The 1930s were full of fascinating experiments and exotic multicylinder Classics, but few cars of that era were more important or more influential than the humble Ford flathead V8. Cheap, pretty, and fast, it launched the American fascination with inexpensive V8 engines and spawned countless hot rods and customs. This week, we look at the 1932 Ford, its 1933–1940 successors, and the history of Ford’s famous flathead V8 — Henry Ford’s final triumph and the beginning of his downfall.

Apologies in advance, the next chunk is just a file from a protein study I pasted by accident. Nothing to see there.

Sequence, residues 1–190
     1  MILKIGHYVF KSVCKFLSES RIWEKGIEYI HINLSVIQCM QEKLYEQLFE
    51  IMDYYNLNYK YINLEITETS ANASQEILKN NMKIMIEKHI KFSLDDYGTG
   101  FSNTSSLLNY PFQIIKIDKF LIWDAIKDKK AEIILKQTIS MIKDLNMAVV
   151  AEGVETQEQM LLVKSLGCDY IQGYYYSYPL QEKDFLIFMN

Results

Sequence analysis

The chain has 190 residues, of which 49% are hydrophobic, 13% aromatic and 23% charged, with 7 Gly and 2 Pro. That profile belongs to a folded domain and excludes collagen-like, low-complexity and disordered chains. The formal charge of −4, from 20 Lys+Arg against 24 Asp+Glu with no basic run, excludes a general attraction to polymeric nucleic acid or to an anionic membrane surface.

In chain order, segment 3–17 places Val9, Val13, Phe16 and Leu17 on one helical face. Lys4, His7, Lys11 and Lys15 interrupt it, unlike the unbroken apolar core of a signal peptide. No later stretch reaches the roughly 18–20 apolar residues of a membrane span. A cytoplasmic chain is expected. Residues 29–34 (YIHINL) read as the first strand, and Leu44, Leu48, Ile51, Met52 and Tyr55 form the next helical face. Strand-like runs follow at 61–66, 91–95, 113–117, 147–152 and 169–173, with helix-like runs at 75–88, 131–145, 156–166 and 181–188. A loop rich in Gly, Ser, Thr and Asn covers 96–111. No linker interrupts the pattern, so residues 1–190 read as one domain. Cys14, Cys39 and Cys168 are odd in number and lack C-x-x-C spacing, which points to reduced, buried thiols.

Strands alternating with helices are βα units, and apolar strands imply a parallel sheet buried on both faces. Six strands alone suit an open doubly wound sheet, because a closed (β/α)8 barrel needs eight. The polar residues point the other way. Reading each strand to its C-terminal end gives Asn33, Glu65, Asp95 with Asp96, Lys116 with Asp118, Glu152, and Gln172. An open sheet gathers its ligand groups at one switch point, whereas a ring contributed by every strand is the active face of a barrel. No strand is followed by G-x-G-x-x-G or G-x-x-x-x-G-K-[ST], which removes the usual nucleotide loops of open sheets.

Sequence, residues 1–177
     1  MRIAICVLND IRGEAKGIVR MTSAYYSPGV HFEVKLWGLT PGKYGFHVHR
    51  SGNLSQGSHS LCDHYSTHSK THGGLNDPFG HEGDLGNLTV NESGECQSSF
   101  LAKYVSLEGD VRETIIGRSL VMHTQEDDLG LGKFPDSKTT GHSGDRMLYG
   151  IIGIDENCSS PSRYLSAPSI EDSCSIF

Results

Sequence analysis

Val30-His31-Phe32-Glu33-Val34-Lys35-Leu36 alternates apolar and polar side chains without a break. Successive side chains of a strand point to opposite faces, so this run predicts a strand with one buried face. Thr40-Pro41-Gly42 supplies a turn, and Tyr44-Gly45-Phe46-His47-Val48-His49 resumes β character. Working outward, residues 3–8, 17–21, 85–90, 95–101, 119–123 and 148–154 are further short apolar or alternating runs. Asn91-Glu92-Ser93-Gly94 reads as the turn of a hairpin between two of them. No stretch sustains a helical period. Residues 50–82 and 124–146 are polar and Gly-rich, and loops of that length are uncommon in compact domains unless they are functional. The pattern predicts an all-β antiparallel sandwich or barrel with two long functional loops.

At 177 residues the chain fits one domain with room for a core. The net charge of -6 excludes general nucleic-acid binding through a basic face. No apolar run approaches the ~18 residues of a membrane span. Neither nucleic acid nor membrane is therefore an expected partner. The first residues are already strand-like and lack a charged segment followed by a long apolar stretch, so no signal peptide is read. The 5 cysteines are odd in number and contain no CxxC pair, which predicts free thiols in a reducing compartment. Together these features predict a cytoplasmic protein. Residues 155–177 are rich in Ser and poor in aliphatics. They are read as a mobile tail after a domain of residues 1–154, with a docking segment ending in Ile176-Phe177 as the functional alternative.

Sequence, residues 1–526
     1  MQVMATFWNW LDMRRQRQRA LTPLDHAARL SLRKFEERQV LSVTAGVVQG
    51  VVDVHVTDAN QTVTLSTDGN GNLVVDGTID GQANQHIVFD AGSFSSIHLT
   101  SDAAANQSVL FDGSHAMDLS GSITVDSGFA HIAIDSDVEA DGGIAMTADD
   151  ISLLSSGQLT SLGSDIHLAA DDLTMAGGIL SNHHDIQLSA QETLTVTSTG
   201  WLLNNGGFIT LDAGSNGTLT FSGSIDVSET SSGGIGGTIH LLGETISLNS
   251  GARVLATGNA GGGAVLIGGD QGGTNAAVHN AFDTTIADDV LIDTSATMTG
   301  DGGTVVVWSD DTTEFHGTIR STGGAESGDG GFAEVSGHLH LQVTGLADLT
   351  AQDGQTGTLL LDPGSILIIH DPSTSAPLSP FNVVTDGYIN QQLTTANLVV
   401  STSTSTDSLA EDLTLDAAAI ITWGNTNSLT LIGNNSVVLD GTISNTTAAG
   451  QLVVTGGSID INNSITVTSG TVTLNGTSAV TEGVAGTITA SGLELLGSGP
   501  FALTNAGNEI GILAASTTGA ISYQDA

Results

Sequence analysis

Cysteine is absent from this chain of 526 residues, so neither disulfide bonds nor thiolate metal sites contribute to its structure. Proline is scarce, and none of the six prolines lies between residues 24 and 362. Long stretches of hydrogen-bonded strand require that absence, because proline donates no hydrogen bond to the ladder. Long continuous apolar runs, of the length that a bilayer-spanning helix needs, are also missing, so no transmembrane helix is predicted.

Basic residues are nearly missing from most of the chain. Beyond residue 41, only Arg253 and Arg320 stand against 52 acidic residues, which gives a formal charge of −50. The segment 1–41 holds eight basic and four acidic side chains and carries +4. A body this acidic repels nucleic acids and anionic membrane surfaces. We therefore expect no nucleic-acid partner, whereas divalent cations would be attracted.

One of our biggest challenges in writing these articles is that we sometimes become fascinated by something for reasons that aren’t easy to articulate. Some of our subjects have obvious interest, like the Ford Skyliner or the Jaguar XK120, but others may be puzzling to the casual observer. That is certainly the case with this week’s subjects, which are thoroughly unexceptional in engineering and design and have styling that could charitably be described as ordinary. However, they were at the forefront of an emerging debate that is still going on: the question of exactly how big an American sedan ought to be. This week, the history of the 1960-1965 Mercury Comet and 1962-1965 Ford Fairlane.